Do you cringe at the mention of a “brief”? It’s just a document for clients and “suits,” right? Wrong!
A brief has the potential to be the single biggest factor to determine your profit margin, which means you should care about them.
Creating a great design brief takes extra effort and time, yet a tight brief can save a designer up to 20% of the project’s timeline. If you’re working on a fixed-fee project, then that adds up to hundreds, if not thousands, of dollars saved.
If you’re being paid for time and materials, then you won’t necessarily be losing money, but we all know how soul-destroying getting negative feedback and constant requests for changes can be, all because of a poor brief. It causes frustration for both the designer and the client.
How to develop a top design brief
Don’t be afraid to ask questions. Ask as many as possible, and keep asking until you are satisfied that you understand what your client’s brief is. A great way to do this is by using a briefing template that you know and trust and that you feel has all of the necessary questions (so that you don’t forget to ask certain ones). Don’t just email the template to your client. Go through it with them. Discuss each question and even fill it in for them.
Communicate with your clients
Explain to the client the importance of the brief. Your clients are probably busy people, too, and so they might not appreciate the importance of spending extra time creating a brief.
Collaborate with your clients and colleagues
Collaborate. The more people involved in a design project (this could include more than one person on the client’s side, as well as the designer, the account manager, the creative director), the more important the brief becomes. Make sure that you all collaborate on the brief, so that by the time it is approved, everyone who is involved will understand what is required and what the brief is.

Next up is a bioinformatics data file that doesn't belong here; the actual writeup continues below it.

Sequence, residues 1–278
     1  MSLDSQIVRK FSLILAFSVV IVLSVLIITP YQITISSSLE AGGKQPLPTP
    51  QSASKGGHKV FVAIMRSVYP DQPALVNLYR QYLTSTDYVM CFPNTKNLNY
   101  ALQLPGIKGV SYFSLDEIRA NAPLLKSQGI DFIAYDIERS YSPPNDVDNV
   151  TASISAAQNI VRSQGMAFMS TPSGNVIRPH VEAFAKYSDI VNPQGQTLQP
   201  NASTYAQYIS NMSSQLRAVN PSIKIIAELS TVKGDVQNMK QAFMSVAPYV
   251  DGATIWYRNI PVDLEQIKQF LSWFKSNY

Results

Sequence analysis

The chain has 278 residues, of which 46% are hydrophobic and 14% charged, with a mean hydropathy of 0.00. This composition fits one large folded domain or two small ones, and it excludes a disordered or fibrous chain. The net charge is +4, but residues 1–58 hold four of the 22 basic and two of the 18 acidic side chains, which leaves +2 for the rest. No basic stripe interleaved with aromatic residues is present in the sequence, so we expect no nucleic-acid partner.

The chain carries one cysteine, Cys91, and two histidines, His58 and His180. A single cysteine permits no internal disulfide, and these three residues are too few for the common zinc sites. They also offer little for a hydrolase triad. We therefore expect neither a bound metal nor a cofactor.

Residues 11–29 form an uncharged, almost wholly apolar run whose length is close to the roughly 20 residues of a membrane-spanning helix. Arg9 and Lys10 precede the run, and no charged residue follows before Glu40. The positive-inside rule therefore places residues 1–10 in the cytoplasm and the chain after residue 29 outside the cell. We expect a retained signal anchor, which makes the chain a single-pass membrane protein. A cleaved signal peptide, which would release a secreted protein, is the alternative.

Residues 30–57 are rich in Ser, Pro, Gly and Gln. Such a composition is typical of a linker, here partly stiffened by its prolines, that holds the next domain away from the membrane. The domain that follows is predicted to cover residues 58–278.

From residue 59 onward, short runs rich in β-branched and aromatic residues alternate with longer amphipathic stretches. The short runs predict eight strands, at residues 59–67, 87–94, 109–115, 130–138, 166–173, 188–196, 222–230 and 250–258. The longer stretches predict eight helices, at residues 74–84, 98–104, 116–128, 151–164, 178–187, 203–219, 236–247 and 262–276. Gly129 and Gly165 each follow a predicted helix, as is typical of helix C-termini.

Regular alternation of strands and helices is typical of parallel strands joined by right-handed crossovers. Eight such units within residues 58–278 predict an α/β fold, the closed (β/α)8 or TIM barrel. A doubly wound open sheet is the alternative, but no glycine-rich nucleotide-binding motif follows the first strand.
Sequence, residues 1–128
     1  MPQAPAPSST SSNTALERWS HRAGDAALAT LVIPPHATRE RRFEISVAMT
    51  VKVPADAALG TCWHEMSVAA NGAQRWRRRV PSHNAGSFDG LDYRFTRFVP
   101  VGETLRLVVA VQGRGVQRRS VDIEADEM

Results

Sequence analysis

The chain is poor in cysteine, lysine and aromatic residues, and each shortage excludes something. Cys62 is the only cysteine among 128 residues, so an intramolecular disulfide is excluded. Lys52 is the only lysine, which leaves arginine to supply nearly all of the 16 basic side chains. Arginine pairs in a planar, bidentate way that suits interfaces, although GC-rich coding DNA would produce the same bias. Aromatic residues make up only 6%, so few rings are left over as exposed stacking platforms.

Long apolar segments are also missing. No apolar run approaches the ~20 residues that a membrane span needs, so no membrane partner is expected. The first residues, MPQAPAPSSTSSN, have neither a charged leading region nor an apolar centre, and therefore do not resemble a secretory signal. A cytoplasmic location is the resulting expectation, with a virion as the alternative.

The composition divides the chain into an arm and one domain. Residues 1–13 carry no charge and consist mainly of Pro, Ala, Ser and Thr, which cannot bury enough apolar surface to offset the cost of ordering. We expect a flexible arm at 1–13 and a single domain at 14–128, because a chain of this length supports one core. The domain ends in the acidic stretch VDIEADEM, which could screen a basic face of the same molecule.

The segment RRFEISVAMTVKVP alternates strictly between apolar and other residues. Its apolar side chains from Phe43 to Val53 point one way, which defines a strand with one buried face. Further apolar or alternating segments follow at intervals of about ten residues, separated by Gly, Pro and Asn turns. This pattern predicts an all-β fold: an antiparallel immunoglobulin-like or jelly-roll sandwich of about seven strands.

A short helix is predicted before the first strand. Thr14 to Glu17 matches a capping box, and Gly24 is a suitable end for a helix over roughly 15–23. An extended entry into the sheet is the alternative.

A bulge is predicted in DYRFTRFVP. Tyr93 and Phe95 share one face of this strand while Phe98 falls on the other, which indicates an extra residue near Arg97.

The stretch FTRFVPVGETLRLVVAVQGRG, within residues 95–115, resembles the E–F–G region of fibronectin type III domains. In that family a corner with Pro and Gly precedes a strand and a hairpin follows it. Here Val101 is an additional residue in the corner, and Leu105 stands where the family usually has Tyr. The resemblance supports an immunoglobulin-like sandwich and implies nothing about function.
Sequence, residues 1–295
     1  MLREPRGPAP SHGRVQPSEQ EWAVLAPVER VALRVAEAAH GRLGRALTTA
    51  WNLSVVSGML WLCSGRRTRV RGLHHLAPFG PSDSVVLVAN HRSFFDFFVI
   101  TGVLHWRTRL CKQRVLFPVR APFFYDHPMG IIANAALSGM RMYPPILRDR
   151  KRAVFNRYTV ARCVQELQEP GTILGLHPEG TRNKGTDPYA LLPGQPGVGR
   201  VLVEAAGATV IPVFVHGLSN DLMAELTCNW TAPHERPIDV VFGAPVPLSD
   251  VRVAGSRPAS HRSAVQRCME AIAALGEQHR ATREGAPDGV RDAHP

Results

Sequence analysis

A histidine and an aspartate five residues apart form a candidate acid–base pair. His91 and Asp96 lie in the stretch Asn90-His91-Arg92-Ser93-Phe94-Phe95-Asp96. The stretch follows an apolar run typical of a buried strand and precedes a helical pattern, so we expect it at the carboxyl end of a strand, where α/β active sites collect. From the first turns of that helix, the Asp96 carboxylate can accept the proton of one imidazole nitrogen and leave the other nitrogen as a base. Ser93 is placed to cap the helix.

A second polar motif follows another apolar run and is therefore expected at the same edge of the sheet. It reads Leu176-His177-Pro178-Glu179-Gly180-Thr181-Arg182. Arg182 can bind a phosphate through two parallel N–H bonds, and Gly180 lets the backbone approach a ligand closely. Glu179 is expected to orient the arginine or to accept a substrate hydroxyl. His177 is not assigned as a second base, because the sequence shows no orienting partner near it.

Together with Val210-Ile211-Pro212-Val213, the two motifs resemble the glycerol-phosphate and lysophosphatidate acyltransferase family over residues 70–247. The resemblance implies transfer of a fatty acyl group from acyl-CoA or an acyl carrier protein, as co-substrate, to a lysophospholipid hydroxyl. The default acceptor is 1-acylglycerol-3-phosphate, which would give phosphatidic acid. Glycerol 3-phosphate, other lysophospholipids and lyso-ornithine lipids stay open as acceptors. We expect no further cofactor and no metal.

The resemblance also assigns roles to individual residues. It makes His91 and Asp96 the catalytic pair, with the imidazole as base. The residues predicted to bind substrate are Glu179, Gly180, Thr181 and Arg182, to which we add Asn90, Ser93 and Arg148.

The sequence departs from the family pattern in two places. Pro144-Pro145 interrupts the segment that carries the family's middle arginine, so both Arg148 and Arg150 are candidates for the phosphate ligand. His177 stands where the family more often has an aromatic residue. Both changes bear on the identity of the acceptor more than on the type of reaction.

Use a written document
Always put the brief in writing. If you’re a freelancer, then you might not like this one. Just taking a verbal brief from the client is often quicker and easier. While discussing the brief is important, a written document gives you more cover and helps to protect your profit margin. If you’ve ever heard a client say, “I think you misunderstood what I meant” or “I don’t recall saying that,” then you’d know that having the brief in writing is the only option.
Use a single document
Have one brief, in one place. The best way to explain this is with a scenario. I’m sure many of you have experienced this: the client provides a written brief, and you meet (or Skype) to discuss it. Cool — you know what they want. A few days later, you receive an email with a few updates. Then the client calls to change something else. You’re now a week into the project, and the written brief you received is out of date, and keeping track of the phone calls and email conversations is getting confusing. What was the brief that the client approved? Keeping the brief in one place where all communication is documented will help to keep the project on track and keep disputes to a minimum.
Use the cloud
Put your brief in the cloud. Annotating a PDF or tracking changes in Microsoft Word gets messy. Long email trails and forgotten conversations are even messier. You’re a web designer, so use the web for your briefs. It will increase your productivity, your client’s productivity and your bottom line.
The final word
Briefs are never going to be the “exciting” part of web design, or any creative process. However, spending time developing a brief properly and giving it the care it requires, all the way to its final approval, leads to several things:
- higher profit margins;
- happier clients;
- happier designers;
- more productive freelancers and studios.
Sounds simple, right? Take a few moments to think about your briefing process. Could it be improved? Are you wasting time and money because of poor or lazy briefs? The time to improve your briefing process is now.
How do you manage your briefs? Do you use formal documents? Let us know in the comments.
Featured image/thumbnail, briefing image via Shutterstock.